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Seismic study finds Metro Vancouver buildings could shake more than predicted if 'Big One' hits

Last Updated Nov 30, 2020 at 5:02 pm PDT

FILE - Vancouver. (Riley Phillips, NEWS 1130 Photo)
Summary

New UBC report finds the ground where some tall Metro Vancouver buildings stand too soft in event of an earthquake

The lead researcher says the ground would jiggle more during an earthquake than previously thought

Older buildings can be a problem since codes were different when they were constructed

VANCOUVER (NEWS 1130) — If “the big one” was to hit Metro Vancouver, many tall buildings would experience way more shaking than previously predicted because the ground they’re built on is too soft, according to a new seismic study from UBC.

The study’s lead researcher, Carlos Molina Hutt, says that doesn’t mean the buildings will crumble, but previous models are underestimating the impact of a magnitude 9 earthquake.

“The Metro Vancouver region lies above the Georgia sedimentary basin which is made up layers of glacial and river sentiment that sit on top of sedimentary rock, and in the event of an earthquake, these layers will jiggle and amplify seismic waves causing more intense and long-lasting tremors than outside the basin,” he explains. “If you’re inside the basin you’re going to experience shaking that’s more severe than if you were outside the basin on firmer ground.”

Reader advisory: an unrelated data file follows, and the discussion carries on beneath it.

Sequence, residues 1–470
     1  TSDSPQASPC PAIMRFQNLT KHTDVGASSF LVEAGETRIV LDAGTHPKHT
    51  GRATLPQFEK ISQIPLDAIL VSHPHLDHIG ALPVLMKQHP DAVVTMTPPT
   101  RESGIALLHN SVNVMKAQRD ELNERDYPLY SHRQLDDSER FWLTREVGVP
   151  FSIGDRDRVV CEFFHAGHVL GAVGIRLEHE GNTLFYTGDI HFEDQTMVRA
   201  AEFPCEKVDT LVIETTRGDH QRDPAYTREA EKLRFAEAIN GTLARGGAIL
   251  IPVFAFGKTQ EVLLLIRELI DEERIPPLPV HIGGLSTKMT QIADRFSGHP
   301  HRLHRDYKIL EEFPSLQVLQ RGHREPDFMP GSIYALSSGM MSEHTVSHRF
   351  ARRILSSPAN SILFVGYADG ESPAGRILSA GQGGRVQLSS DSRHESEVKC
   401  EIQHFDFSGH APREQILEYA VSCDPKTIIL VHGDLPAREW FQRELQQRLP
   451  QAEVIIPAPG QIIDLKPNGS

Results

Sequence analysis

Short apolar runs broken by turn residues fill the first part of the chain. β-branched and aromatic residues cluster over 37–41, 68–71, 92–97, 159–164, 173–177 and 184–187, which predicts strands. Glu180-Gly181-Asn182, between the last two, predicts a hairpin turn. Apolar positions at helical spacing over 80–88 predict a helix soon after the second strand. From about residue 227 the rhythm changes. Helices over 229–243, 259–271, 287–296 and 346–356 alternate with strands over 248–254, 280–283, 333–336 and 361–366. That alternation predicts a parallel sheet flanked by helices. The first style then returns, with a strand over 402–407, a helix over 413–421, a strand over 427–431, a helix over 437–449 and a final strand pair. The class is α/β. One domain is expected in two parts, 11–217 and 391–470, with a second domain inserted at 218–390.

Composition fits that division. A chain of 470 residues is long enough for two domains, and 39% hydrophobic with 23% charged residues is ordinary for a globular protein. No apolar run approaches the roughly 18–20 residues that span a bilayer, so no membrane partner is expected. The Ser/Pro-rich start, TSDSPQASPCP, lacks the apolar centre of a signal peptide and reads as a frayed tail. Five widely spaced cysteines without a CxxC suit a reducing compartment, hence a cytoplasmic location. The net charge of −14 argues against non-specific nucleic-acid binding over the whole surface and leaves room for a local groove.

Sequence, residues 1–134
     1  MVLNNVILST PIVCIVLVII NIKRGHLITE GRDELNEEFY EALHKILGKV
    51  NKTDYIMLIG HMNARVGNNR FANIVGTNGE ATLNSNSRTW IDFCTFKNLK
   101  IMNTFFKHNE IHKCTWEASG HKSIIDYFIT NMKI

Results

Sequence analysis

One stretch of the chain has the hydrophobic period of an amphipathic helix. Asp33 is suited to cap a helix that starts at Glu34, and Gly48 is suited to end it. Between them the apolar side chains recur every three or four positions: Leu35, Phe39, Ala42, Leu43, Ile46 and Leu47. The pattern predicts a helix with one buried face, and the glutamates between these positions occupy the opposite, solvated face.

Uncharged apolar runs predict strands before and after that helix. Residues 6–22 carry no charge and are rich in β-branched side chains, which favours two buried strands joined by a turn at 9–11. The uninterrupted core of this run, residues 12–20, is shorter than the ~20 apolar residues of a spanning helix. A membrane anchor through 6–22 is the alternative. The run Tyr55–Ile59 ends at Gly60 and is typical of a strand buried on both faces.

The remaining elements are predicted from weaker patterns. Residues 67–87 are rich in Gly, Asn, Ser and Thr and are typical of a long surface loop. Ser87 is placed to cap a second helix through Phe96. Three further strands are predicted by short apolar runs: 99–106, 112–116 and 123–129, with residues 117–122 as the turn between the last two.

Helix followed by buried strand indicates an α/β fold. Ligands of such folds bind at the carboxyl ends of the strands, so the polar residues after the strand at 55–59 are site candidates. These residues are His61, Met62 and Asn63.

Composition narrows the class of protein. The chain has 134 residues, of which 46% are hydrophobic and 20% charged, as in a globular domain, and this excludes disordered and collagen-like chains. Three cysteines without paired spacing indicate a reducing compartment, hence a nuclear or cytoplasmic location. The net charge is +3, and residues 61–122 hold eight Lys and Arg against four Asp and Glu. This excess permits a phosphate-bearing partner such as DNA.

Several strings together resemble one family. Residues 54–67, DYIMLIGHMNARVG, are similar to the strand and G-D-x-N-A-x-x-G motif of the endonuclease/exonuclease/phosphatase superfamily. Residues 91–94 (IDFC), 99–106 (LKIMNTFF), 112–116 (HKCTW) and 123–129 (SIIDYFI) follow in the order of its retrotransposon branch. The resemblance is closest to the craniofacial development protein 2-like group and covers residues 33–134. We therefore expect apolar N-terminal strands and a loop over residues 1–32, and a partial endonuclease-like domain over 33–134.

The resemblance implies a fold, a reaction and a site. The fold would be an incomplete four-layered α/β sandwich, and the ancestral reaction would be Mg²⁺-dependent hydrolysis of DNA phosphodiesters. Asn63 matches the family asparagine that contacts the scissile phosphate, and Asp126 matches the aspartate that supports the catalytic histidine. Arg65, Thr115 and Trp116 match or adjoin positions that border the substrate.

The amplificant of shaking caused by the basin wasn’t taken into account in the 2015 seismic hazard model, according to the study.

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Molina Hutt adds there are complications when it comes to older tall buildings because they were constructed under dated building codes. Those built in and before the 1980s are most at risk of severe damage or even collapse. Buildings in the range of 10 to 20 storey-range risk the worst impacts, the study found.

“When we build a structure, it only needs to meet the code of the time when it was built. If there is a future change in the code, you don’t have to go back and upgrade your building. To address vulnerable existing buildings, jurisdictions must explore different seismic risk reduction policy options and adopt the most effective mitigation strategies,” Molina Hutt says.

He says he wants provincial and national guidelines updated to keep the soft ground in mind for future construction.

Molina Hutt notes the impacts in the study are preliminary and capture relative risk, and there are still many uncertain variables.